“Traditional driver-training programs that aim to improve vehicle-handling skills, including manoeuvring exercises and skid training, have tended to be relatively ineffective in reducing crashes. In fact, the introduction of skid training into driver-training programs has been found to increase certain crash types for young drivers. This has been attributed to associated increases in confidence that resulted in greater risk-taking….”

(9) Conflicting goals of skid training; Katila A, Keskinen E, Hatakka M.; Department of Psychology, Univ. of Turku, Finland.
“Efforts to make novice drivers drive more safely on slippery roads by means of special courses have mainly failed…. The exercises may give students the impression that manoeuvring skills are more important than anticipating skills. Manoeuvring exercises also increase their self-confidence and may lead to underestimation of the risks involved, resulting in e.g. driving at higher speed.”

Eddie Wren, CEO & Chief Instructor — Advanced Drivers of North America

The dangers of buying used or second-hand child car seats

The following factsheet is from Britain but of course it is valid anywhere in the world.  It was aimed at the managers of charity shops that sell used items, hence the wording, but it applies equally to any purchase.


Sale of Second-hand Child Car Seats
We all know how expensive it is to bring up children and Charity Shops are a valuable way for parents to shop around for second-hand items, to save money whilst raising valuable funds for good causes. But, one item you should never take a gamble on [buying] is a second-hand child’s car seat.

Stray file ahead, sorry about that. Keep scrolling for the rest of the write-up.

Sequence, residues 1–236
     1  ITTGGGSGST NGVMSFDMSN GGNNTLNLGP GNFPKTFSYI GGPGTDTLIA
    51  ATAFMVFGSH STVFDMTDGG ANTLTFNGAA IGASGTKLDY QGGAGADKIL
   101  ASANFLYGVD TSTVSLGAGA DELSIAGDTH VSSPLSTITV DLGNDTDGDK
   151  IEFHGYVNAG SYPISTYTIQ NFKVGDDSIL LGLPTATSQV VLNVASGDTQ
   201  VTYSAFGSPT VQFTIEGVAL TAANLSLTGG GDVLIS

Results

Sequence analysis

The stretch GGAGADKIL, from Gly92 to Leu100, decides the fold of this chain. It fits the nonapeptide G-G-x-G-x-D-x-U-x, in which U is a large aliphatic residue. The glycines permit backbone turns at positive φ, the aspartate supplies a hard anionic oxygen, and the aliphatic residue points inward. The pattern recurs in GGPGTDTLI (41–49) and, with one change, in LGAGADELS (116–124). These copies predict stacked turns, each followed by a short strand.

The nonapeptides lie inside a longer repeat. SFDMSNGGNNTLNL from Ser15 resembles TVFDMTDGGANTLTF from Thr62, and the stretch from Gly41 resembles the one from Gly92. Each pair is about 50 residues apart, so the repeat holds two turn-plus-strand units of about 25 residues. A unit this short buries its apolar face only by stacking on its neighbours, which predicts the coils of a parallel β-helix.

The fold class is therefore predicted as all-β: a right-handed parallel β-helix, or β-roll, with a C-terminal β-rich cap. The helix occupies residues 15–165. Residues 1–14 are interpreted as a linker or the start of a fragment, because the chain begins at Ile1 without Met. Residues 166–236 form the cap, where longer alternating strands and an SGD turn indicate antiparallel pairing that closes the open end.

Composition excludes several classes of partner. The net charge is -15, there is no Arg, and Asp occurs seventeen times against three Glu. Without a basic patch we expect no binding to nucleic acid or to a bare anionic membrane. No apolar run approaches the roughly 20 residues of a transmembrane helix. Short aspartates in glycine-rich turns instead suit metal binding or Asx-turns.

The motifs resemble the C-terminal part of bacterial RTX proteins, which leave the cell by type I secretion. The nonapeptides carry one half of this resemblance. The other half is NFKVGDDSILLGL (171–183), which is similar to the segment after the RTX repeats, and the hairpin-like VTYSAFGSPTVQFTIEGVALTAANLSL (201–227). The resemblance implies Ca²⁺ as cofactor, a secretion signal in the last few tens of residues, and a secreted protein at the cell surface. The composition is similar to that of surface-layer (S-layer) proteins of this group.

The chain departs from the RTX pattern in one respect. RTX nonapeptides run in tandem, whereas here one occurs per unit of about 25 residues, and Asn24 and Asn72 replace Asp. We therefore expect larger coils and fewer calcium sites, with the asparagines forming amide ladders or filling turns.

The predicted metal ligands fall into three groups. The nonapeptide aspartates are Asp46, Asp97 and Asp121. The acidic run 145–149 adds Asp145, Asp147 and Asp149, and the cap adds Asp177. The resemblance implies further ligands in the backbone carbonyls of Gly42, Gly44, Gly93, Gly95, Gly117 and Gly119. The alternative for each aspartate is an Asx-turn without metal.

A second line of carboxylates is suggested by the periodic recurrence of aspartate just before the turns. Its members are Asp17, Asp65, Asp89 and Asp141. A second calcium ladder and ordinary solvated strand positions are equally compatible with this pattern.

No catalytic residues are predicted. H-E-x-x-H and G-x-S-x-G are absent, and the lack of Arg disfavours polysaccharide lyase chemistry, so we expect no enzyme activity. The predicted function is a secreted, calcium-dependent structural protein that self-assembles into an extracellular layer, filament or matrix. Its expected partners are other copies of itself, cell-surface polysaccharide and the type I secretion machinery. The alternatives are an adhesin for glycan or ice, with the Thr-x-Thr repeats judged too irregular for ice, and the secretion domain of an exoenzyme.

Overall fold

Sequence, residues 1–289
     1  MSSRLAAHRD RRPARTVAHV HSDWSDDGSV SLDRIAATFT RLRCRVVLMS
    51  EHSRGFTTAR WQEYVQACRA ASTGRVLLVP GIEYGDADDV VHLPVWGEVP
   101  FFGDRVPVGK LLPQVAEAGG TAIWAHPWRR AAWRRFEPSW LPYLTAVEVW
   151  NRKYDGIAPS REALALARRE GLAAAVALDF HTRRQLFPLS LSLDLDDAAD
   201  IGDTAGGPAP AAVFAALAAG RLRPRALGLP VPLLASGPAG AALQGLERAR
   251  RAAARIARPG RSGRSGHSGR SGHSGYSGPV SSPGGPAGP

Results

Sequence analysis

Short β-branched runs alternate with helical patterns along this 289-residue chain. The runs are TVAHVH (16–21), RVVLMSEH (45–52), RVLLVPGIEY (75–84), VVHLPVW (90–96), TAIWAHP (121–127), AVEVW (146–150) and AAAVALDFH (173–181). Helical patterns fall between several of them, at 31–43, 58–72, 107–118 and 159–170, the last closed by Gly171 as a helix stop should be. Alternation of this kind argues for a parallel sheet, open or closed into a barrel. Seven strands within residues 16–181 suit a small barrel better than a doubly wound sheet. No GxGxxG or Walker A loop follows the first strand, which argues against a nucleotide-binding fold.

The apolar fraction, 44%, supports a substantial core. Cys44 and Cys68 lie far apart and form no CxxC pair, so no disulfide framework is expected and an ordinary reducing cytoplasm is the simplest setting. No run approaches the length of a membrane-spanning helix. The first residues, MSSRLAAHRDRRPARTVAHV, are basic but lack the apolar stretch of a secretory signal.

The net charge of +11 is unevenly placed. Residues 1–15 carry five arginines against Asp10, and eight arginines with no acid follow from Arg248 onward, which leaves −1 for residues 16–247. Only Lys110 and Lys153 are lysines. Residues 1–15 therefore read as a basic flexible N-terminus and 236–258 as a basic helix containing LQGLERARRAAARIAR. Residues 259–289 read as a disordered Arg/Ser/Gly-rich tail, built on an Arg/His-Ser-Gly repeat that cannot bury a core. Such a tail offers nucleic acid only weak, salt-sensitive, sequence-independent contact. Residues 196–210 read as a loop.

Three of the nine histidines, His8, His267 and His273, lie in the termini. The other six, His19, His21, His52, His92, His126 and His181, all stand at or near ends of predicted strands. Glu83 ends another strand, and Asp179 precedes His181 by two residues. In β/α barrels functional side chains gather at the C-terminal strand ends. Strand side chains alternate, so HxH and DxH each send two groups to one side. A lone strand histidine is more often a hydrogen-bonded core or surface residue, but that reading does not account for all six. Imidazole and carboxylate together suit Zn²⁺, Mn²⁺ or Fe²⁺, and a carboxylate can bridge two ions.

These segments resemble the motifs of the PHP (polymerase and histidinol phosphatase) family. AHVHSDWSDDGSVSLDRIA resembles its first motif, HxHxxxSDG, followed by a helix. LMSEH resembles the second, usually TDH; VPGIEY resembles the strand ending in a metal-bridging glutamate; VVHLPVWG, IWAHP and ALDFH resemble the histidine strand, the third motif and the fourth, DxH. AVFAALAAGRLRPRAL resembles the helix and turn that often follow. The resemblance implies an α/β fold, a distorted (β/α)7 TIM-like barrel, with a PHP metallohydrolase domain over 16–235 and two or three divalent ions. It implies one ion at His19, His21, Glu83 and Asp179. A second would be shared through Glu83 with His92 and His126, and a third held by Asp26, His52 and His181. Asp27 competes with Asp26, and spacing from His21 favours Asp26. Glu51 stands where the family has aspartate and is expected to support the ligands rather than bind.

What’s the danger?
It’s impossible to know for certain if a used car seat has been in a collision and relying on a [seller’s] word is too much of a risk to take.

If a car seat has been involved in a crash there may be little or no visible damage to it, but there could well be substantial internal damage, rendering it dangerous.

Missing instruction booklets in second-hand car seats could lead to them being fitted incorrectly, rendering them dangerous in the event of a crash.

It is also vitally important that the size of the car seat is correct for the size and weight of the child and, sadly, not all child car seats fit safely into all cars.  Retailers of new seats receive industry training on appropriate restraints and can advise their customers on fitting them.

How can you tell if it’s safe?
With second-hand seats, you can’t. Just looking at a car seat won’t tell you what you need to know. In fact, the only way of checking a used car seat’s integrity is through laboratory testing.

The fact that many seats ‘look’ OK after an incident leads some parents to continue using their car seats after a crash, unwittingly putting their children at risk.

The Royal Society for the Prevention of Accidents (RoSPA) advises that car crashes can weaken a child car seat to the extent that a child is left dangerously unprotected in the event of another incident. They advise parents to replace their children’s car seats immediately after a crash.

How can you help keep children safe?
Please do not [buy or] sell second-hand child car seats… the consequences of a seat failing, even in a relatively low speed impact, are simply a risk not worth taking.


Source: on June 29, 2017



Eddie Wren, CEO & Chief InstructorAdvanced Drivers of North America